Wayfinding Signage Best Practices

6 Wayfinding Signage Best Practices to Get Them Where They Need to Go

Published on: May 9, 2019

An excellent wayfinding program is a subtle but powerful asset. When wayfinding is done well, few visitors to your property will even notice the signs that guide them to their destination.

We only notice wayfinding systems when they’re causing problems. Hospital patients feel lost and stressed before their appointments. Frequent fliers arrive late to their gates in major airports. Drivers struggle to locate their vehicles in parking garages. These problems can sometimes stem from poorly conceived signage—and can be remedied by implementing strategic wayfinding design that better fits the needs of your clients.

Using the six wayfinding signage best practices below, you can evaluate your current wayfinding system and determine key areas for improvement. These criteria also serve as an effective measuring stick to help you identify the best wayfinding design firm to partner with in order to optimize your commercial space.

The Top 6 Wayfinding Signage Best Practices

1. Choose user-friendly and consistent language.

The quickest way to confuse healthcare patients is to have “ophthalmology” and “otolaryngology” side-by-side on the same directional sign—yet so many hospitals use these terms to guide visitors through their maze of departments. A better solution would be to design a wayfinding program around user-friendly terms and universal iconography, and reinforce this language consistently across all touchpoints.

For example, referring to the ophthalmology area of the hospital as Department 1A would help improve clarity, increase font size on signs, and ease self-navigation. Using alpha-numeric codes to refer to departments also simplifies the process of creating multilingual wayfinding signs, which are necessary in many complex commercial environments.

2. Practice progressive disclosure.

When you’re dealing with a poorly-functioning wayfinding system, “more signs” is not an effective solution. In fact, a successful wayfinding program uses fewer signs to divulge information on a step-by-step basis. By following the principle of progressive disclosure, you should only provide visitors with enough information to make one small choice at a time. Departures or arrivals? Hospital or emergency room? Rather than providing an overwhelming list of options right at the beginning, progressive wayfinding signs help users navigate to their final destination in a logical sequence without overwhelming them with information.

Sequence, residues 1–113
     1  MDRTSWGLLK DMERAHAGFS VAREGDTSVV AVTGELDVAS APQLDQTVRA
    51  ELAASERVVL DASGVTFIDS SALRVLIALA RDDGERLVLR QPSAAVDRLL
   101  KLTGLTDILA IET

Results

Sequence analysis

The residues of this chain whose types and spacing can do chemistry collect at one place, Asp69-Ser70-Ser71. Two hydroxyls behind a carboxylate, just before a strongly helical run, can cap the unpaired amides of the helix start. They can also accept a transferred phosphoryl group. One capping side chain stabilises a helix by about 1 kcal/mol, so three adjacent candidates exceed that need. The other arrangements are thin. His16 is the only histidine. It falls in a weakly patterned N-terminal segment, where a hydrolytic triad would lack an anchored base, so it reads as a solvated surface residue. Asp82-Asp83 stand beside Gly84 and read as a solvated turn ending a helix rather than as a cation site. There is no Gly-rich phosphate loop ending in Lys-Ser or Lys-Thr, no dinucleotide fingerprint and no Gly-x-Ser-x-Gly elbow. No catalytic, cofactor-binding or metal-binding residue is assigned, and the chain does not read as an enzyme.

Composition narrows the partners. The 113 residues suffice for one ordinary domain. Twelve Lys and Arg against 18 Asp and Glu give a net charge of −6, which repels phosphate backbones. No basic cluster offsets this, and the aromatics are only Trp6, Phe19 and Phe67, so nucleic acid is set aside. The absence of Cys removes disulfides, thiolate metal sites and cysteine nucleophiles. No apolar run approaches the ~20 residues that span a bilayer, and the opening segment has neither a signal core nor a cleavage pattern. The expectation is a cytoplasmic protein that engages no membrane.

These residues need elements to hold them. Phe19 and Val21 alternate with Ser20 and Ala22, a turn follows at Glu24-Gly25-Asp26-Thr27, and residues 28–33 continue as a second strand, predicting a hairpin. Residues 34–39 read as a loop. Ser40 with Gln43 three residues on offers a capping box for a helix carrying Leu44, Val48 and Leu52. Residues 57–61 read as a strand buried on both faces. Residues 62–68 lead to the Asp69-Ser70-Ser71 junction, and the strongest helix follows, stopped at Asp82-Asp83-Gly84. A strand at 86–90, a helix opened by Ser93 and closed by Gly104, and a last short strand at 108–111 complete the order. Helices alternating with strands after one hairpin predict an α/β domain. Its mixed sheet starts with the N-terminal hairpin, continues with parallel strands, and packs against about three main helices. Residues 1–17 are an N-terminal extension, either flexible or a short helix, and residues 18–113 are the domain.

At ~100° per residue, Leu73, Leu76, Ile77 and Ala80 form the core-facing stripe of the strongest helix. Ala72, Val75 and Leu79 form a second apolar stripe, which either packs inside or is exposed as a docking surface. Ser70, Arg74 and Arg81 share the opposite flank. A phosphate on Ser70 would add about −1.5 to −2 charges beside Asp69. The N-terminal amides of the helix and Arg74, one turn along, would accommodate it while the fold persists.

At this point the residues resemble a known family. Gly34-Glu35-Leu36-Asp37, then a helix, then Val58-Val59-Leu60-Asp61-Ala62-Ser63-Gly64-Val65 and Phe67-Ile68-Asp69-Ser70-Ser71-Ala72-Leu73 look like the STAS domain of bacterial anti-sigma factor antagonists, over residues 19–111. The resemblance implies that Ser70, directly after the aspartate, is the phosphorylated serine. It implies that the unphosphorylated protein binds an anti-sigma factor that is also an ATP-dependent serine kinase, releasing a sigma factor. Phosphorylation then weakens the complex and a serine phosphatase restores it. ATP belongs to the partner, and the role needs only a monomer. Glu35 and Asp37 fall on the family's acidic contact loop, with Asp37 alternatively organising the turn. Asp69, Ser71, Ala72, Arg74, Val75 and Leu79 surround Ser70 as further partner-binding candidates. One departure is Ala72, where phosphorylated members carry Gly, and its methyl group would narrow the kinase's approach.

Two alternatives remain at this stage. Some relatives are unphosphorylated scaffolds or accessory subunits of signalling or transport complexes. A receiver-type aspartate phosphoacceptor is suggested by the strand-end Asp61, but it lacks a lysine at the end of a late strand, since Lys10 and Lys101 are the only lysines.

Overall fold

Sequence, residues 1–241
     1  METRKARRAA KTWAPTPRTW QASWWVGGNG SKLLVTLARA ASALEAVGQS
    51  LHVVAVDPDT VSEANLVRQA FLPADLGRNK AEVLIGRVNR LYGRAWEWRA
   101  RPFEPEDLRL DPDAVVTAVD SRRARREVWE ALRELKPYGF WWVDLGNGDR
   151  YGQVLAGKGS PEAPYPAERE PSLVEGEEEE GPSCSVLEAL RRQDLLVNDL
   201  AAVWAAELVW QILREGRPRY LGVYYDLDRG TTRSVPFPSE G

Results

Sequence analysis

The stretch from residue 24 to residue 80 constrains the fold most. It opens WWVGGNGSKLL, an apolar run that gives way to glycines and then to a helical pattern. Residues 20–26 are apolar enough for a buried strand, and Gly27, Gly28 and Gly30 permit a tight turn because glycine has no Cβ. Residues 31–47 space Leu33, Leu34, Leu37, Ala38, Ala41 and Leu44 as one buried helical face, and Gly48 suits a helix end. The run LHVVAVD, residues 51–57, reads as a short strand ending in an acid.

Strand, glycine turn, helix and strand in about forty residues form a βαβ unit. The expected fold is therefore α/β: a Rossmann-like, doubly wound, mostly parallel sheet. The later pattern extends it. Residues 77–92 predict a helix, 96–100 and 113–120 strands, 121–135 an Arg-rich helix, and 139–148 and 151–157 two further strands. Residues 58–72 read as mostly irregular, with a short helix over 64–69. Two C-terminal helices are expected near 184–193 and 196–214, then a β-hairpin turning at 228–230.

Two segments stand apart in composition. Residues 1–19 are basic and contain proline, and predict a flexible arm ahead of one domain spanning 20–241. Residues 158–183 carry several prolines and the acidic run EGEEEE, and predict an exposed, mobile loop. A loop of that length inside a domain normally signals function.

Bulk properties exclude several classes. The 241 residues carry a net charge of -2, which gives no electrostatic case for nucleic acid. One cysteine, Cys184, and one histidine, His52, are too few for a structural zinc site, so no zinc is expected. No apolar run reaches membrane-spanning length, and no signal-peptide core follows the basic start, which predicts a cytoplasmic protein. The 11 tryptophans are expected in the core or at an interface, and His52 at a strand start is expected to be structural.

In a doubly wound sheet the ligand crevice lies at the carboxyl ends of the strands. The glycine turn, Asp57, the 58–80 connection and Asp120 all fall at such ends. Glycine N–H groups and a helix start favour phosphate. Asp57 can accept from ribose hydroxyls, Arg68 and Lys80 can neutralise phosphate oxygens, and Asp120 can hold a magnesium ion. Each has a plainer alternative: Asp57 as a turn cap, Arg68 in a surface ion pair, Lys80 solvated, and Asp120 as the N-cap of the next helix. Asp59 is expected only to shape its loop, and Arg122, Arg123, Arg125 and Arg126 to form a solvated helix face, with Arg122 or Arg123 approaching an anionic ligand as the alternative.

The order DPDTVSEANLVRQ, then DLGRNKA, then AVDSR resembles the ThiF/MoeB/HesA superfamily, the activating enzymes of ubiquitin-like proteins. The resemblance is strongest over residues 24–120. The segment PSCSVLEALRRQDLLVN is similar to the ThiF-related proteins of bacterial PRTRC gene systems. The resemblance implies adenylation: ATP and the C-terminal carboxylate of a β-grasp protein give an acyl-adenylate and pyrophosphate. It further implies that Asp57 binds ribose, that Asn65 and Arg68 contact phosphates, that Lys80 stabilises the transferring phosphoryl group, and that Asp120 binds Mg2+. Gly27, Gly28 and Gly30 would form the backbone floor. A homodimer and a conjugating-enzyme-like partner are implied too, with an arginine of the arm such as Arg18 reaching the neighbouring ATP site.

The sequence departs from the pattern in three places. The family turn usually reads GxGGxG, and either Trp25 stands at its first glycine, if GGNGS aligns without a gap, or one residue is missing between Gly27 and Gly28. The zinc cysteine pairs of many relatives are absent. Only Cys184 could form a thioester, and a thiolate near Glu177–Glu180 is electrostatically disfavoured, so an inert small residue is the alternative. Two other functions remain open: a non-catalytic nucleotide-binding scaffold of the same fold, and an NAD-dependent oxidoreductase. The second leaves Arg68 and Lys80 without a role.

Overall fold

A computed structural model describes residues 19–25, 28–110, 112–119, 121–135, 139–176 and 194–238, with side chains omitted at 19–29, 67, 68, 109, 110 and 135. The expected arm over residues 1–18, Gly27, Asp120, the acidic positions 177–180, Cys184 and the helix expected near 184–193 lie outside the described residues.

3. Strategize for integrated wayfinding.

In today’s digital world, signs are only one part of the solution. Modern wayfinding strategy integrates environmental graphics with digital elements and in-person interactions. Successfully integrated wayfinding programs start with pre-arrival tools like mobile apps, appointment cards, and reminder messages. Upon arrival, visitors are guided by external identification and directional signs. Interior navigation flows smoothly from there. In an integrated system, all elements combine to fully immerse visitors in the language of wayfinding.

4. Test before you invest.

Most firms can design a wayfinding program that meets the first three criteria on this list. The best wayfinding design companies take things a step further by providing renderings and prototypes to help all stakeholders envision how the hierarchy of signs will look and feel in your space. When considering potential partners, ask if the firms on your list can solicit stakeholder interviews, collect staff surveys, and perform user group testing. All of these measures ensure your new wayfinding solution is effective before you make a full investment.

5. Don’t forget about staff training.

Once a new wayfinding program is implemented, most companies would consider their job finished. But it’s crucial that you support your program through comprehensive staff training. You need to get everyone on board with the new system—from facilities managers to department heads to receptionists. By training your staff on the same wayfinding language, you can ensure your visitors don’t receive conflicting sets of directions when they ask for help on the way to their destination.

6. Establish lasting sign standards.

Finally, it’s always a good idea to establish a set of sign standards when you’re investing in wayfinding design. Whether your project involves one building or 600, you need to make sure your new wayfinding system can expand and evolve as your needs change. Sign standards help you reduce costs, eliminate redundancies, and secure easy workflows for approval, production, and maintenance for any future additions to your program. The best environmental graphics firms can help you establish sign standards that ensure quality and efficiency throughout the life of the program.   

Choosing the Right Wayfinding Signage Design Firm

Best Practices for Wayfinding

Every wayfinding project comes with a unique set of challenges. Alongside the best practices of wayfinding signage, you need a system that:

With so many considerations—and stakeholders—involved in the process of redesigning commercial spaces, the right wayfinding design firm can be a critical partner. By partnering with an experienced wayfinding design company, you can implement a wayfinding program that improves the user experience in your facility and helps your organization achieve economies of scale over the long term.


GNU Group is an environmental graphics and communications design firm with over five decades of experience in creating wayfinding programs for complex environments. Our turnkey solutions can help you implement a powerful wayfinding program that meets all the wayfinding signage best practices. Connect with our team to get started.